The house edge of this game is 1.30% or 1.33%, as shown in my survey of Las Vegas blackjack rules, depending on whether the number of decks is five or eight. The odds are better in ANY game where blackjack pays 3 to 2. If you were to play this game, which you shouldn’t, you should still always stand on blackjack. Personally, I think the "World’s Most Liberal Blackjack" claim on the marquee is false advertising.
I went to Vegas last month and played Three Card Poker for the first time. I got a straight flush, and was so excited to win that I didn’t notice that the dealer only paid out 20 to 1 instead of 40 to 1. I lost a few hands and left the table to go cash in, then realized what had happened. My question is, if I notice an error in the future, what should I do? I’m assuming after I left the table it was way too late, but what is the rule if I’m still at the table? If I don’t point out an error before the next hand begins, is it too late?
Scott from San Diego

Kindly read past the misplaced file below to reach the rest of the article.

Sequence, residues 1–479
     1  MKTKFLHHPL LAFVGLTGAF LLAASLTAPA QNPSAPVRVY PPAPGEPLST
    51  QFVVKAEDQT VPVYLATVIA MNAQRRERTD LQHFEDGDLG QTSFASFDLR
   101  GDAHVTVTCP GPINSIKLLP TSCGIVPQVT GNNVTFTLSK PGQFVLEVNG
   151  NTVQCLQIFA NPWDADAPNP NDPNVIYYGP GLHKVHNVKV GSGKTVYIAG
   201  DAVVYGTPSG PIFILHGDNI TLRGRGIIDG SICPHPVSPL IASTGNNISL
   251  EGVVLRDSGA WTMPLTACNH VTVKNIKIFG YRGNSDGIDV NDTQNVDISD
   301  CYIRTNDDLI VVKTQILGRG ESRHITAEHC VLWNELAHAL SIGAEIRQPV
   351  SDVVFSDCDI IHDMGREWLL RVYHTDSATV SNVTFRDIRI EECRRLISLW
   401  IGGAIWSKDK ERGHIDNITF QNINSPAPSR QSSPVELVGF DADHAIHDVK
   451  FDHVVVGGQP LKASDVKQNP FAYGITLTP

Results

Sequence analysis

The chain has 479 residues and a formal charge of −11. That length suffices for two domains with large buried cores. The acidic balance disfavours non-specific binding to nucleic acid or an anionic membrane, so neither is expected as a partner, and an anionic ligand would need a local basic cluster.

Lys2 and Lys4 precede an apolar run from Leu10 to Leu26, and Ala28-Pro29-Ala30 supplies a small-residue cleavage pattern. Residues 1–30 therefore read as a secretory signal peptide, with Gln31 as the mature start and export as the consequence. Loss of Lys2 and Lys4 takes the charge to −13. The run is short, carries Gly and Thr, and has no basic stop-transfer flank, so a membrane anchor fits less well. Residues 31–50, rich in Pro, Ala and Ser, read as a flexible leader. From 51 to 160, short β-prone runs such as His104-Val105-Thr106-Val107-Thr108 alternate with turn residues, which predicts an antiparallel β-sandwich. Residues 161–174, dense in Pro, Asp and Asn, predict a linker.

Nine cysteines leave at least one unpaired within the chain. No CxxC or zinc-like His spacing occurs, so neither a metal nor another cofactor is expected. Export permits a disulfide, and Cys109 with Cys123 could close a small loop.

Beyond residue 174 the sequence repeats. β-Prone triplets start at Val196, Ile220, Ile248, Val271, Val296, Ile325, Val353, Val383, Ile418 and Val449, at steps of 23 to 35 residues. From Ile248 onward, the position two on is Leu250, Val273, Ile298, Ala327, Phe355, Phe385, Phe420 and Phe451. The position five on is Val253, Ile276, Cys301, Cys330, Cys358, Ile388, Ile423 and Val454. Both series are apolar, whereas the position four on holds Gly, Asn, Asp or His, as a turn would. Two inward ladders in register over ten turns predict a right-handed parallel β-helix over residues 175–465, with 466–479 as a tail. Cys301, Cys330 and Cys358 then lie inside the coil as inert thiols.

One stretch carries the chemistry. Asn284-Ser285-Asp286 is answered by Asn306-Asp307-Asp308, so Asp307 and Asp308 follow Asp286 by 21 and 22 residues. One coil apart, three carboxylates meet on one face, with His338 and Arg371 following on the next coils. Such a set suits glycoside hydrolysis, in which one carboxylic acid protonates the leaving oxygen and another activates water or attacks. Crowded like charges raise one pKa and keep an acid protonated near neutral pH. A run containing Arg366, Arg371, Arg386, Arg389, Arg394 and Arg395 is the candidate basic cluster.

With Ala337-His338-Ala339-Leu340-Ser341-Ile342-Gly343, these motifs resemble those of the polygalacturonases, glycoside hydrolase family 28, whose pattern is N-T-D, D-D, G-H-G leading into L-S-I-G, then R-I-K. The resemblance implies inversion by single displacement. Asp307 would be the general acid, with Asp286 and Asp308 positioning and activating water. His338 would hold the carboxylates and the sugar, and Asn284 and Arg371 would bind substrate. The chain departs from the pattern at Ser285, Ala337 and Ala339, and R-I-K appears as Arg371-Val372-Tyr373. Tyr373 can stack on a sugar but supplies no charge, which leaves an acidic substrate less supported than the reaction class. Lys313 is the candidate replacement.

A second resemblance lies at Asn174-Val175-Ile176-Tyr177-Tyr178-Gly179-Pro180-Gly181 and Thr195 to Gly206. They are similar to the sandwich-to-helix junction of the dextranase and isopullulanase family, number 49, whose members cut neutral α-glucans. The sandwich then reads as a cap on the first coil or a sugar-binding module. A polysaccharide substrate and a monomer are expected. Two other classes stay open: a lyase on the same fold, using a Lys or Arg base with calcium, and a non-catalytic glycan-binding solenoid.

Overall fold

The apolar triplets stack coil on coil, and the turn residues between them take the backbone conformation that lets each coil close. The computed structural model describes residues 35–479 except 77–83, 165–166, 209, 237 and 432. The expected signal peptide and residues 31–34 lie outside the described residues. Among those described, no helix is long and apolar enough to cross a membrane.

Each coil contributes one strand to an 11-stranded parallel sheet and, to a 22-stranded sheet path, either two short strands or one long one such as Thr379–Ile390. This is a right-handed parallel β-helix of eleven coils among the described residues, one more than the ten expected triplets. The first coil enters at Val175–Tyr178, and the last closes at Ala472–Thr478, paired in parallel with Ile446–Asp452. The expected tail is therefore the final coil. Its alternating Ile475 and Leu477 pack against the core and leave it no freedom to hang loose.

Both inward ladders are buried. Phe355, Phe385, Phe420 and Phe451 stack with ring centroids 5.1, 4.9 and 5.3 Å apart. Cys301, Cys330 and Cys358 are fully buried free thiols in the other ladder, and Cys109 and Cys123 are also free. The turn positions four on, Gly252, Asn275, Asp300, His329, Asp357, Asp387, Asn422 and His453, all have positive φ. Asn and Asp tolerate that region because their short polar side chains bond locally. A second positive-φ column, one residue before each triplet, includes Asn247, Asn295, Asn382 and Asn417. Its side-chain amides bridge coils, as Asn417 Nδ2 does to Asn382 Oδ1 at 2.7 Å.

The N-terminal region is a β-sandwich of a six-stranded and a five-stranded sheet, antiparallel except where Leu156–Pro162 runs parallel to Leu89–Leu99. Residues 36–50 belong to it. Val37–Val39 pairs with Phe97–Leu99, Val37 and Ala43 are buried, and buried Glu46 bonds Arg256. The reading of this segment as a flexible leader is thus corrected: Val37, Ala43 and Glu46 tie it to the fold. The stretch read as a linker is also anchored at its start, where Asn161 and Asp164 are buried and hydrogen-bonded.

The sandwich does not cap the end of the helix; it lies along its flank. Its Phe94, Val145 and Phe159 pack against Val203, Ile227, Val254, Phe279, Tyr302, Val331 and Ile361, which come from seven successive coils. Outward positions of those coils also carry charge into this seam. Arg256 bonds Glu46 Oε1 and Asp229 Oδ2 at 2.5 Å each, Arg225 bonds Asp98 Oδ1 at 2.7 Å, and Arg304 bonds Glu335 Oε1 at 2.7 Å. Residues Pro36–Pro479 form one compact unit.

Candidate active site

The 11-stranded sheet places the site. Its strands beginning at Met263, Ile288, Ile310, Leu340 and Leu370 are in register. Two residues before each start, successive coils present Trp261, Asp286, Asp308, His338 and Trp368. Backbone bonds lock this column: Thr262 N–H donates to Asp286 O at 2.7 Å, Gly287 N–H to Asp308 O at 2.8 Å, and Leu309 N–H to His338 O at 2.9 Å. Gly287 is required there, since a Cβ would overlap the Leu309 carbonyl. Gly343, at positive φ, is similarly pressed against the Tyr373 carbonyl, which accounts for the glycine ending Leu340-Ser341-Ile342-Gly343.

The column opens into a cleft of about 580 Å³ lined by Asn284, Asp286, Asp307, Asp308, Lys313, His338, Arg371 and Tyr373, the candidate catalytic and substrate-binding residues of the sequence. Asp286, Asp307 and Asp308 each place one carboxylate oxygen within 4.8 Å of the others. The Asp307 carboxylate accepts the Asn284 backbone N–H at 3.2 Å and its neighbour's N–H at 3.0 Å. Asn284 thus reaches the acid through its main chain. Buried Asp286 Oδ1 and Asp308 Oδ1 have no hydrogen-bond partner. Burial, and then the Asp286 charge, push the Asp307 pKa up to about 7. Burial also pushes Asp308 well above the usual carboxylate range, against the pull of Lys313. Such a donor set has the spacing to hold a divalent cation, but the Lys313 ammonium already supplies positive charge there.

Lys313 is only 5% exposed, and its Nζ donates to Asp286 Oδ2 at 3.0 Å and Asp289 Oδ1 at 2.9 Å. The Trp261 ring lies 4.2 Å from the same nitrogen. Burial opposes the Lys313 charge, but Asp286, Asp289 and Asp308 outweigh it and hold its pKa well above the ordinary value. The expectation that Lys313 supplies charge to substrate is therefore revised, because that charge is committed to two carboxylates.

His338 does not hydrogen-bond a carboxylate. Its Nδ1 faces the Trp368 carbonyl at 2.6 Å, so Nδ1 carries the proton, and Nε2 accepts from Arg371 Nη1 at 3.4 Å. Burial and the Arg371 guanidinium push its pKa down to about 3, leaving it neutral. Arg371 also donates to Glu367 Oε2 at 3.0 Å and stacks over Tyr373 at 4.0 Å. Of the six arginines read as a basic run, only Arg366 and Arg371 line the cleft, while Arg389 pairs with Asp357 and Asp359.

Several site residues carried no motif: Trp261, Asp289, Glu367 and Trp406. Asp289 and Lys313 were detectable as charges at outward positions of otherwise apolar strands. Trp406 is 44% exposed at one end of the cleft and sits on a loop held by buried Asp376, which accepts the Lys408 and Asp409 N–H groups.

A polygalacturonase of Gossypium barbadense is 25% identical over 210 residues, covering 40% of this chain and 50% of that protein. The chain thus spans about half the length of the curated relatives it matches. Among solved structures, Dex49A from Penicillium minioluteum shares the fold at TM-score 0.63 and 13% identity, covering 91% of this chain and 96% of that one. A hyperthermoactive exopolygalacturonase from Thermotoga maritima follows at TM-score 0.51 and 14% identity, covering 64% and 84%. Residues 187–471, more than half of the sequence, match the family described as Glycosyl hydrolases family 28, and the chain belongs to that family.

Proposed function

Ideally, you should challenge the hand before it is over, while it is still easy to run back the cards. It doesn’t hurt to ask later than that, but you are not entitled to anything. This is getting outside my area of expertise, but the decision whether or not to review the tape would likely depend on the amount of money involved and your value as a player.
For baccarat, if you found a casino that allowed a player to bet both player and banker at the same time, is there any advantage to do that? How about if they rated you for the total of both bets? (I.E. - bet $25 on Banker, $25 on Player and be rated for $50)
William R. from Las Vegas
I asked Barney Vinson this question, author of Ask Barney: An Insider’s Guide to Las Vegas. He said the casino would likely only rate one of the bets, in your case $25. An advantage to doing that is that it certainly lowers risk. This might be a good play if you needed to put in a lot of action, for example to qualify for an event you were invited to, and didn’t have much money to lose. However I think that if large bets were involved ($100 or over) it would set off a red flag, and you probably wouldn’t be invited to the next event.
Many casinos allow bets behind another player’s on the blackjack table. Can you please tell us the proper pair-splitting strategy when the "behind" wager far exceeds the regular wager, assuming the two bettors are working together?
Jim from Brick, NJ